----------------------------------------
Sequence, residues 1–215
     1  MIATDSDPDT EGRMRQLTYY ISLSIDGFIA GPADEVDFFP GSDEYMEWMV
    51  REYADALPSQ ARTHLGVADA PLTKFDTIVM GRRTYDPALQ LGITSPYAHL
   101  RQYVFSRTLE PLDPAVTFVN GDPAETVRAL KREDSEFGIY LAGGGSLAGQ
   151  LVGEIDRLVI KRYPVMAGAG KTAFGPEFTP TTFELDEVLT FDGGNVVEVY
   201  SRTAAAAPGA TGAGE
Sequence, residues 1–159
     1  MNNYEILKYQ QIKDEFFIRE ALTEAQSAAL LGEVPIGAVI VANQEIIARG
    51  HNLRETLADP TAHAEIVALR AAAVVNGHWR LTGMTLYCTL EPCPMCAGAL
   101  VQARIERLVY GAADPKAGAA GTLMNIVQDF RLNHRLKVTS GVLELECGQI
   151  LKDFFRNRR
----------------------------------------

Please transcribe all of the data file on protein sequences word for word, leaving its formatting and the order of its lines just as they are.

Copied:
Sequence, residues 1–215
     1  MIATDSDPDT EGRMRQLTYY ISLSIDGFIA GPADEVDFFP GSDEYMEWMV
    51  REYADALPSQ ARTHLGVADA PLTKFDTIVM GRRTYDPALQ LGITSPYAHL
   101  RQYVFSRTLE PLDPAVTFVN GDPAETVRAL KREDSEFGIY LAGGGSLAGQ
   151  LVGEIDRLVI KRYPVMAGAG KTAFGPEFTP TTFELDEVLT FDGGNVVEVY
   201  SRTAAAAPGA TGAGE
Sequence, residues 1–159
     1  MNNYEILKYQ QIKDEFFIRE ALTEAQSAAL LGEVPIGAVI VANQEIIARG
    51  HNLRETLADP TAHAEIVALR AAAVVNGHWR LTGMTLYCTL EPCPMCAGAL
   101  VQARIERLVY GAADPKAGAA GTLMNIVQDF RLNHRLKVTS GVLELECGQI
   151  LKDFFRNRR